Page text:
Let’s talk through the different covers you can use. First off is butterfly netting, which has holes less than quarter of an inch (5mm) across to stop even the most determined butterflies from gaining access. To prevent butterflies from laying their eggs through the holes you’ll need to suspend the netting so that it’s held up off your plants. A simple frame made of bamboo canes with upturned plastic bottles on the ends works well, but be sure to secure the netting at the edges to stop pests from getting in at ground level. I’ve seen this type of butterfly netting stapled onto a wooden frame to make a very simple but effective protective box for vulnerable seedlings – I love the ingenuity of this!

I like to use tightly woven nylon insect mesh to keep pests off. It’s really durable so should last for quite a few seasons, no problem. Despite being very tight-knit it will let plenty of light and rain through. It will keep butterflies and moths, cabbage aphids, and cabbage root maggots out. Secure the edges with bricks or boards so there’s no opportunity for pests to sneak in under the mesh.

Alternatively, you could make a temporary miniature tunnel frame then secure the mesh over that. Because of their curved shape these stand up to the wind really well, so are a great choice for more exposed gardens. Use plastic piping (for instance gas pipe or water pipe) cut to size and slid onto uprights of bamboo cane or rebar. Keep your tunnel rigid by tying a bamboo cane to the underside of the apex of the hoops with string.

I like to use tightly woven nylon insect mesh. It’s really durable so should last for quite a few seasons, no problem. Despite being very tight-knit, it will let plenty of light and rain through. It will keep just about every pest out: butterflies of course, plus cabbage aphids and cabbage maggots too. Secure the edges with bricks or boards so there’s no opportunity for pests to sneak in under the mesh.

Repair any holes in netting before pests find their way inside

As an alternative to insect mesh you could even use dressmaker’s tulle or netting. It often works out a lot cheaper than insect mesh, and you can even bung it in the washing machine at the end of the season to freshen it up!

You can leave these covers on all year, but in the winter months it can be a good idea to swap to a wider mesh bird netting to keep those pesky pigeons off. Bird netting is less prone to sagging if it snows heavily, and is less likely to catch the wind and get blown away.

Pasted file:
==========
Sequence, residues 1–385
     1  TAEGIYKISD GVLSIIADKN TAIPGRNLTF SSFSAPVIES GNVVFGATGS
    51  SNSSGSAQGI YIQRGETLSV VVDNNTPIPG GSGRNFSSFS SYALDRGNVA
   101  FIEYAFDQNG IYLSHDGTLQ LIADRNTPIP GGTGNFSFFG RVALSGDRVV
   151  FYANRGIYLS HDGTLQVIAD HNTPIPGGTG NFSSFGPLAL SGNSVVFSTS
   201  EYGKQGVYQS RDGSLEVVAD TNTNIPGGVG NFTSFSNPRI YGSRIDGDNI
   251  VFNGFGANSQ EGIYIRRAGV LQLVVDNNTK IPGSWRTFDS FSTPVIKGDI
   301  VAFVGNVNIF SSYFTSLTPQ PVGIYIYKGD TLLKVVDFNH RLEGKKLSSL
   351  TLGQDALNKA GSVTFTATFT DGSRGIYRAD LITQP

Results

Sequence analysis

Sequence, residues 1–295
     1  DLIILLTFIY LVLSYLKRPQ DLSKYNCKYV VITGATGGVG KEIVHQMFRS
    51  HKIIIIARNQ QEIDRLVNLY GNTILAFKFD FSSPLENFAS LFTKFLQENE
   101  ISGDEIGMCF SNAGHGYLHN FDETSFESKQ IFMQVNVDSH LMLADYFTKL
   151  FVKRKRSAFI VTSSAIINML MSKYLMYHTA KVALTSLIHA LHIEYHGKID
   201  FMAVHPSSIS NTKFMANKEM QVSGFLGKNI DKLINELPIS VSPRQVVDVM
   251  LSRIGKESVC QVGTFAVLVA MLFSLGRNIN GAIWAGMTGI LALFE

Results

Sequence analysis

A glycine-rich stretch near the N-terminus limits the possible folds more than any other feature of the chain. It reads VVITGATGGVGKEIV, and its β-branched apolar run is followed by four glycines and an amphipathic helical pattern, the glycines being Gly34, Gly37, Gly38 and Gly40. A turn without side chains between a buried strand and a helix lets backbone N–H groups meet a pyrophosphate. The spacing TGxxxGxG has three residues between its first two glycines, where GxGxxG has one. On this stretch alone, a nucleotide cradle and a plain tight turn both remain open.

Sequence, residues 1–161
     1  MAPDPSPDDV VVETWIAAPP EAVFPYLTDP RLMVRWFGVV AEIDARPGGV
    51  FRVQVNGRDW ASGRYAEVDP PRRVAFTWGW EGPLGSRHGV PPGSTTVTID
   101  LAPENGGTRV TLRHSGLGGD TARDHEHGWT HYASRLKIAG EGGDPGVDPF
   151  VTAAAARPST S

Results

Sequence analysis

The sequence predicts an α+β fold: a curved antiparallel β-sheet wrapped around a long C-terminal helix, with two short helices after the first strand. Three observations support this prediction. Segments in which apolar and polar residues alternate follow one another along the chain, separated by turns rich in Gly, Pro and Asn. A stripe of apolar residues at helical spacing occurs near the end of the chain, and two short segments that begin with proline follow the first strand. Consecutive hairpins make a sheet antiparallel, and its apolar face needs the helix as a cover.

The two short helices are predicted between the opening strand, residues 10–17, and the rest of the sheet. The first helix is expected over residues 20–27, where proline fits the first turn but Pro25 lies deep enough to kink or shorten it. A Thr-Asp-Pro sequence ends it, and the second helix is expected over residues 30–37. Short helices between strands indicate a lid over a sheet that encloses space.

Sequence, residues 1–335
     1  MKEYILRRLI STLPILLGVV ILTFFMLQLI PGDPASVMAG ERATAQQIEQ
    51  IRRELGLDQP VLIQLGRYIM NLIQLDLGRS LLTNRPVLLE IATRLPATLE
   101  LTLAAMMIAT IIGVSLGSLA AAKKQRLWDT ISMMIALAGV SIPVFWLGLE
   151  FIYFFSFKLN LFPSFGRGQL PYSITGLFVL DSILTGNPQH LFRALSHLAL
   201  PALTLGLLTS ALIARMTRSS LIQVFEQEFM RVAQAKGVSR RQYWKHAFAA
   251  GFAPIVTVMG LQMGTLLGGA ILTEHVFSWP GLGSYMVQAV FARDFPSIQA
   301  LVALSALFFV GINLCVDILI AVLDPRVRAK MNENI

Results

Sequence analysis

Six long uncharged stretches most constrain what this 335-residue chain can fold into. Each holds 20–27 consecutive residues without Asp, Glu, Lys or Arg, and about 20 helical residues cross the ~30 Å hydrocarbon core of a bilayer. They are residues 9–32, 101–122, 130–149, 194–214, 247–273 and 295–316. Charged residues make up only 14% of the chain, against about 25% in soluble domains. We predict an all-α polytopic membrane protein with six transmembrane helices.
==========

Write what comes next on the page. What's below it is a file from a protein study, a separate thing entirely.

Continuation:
It’s important to have covers in place in advance of any attack, so always err on the side of caution. Take precautions when removing covers to tend your crop or to harvest. Check around plants meticulously to avoid accidentally trapping a pest beneath the cover so it can’t escape – the worst possible outcome! Check your covers regularly and make any repairs as necessary. A few small holes may go unnoticed but over time they will get larger, offering an open invitation to passing pests.

Step 2: Seek and Destroy

But what if your plants do get infested with caterpillars or aphids? Well, if you are checking plants regularly and spot the problem early enough, you stand a fair chance of stopping it before it gets out of hand. You can cut off the worst-affected leaves and just ditch these onto the compost heap.

Act fast when you spot pests to avoid a total crop failure

If you’re growing only a few plants it shouldn’t be too big a job to pick caterpillars off by hand. Do with them what you will: feed them to your chickens, dispose of them in a bucket of water or, if you can bear to do so, squish them.

Some gardeners plant nasturtiums close to their brassicas to serve as a sacrificial or trap crop – basically a plant grown with the specific intention of luring a pest away from the crop you want to grow to eat. Nasturtiums, with their soft, fleshy leaves, are a caterpillar’s favourite! Another great sacrificial crop are collards. Once they become infested remove the plants, taking the caterpillars with them, and compost them.

I hope you’re empowered, pumped and primed to grow brassicas, safe in the knowledge you can beat the pests!

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"Thanks for such informative article. I learnt a lot and I will deal with pest better now."
Zikhona Mdalase on Wednesday 22 May 2024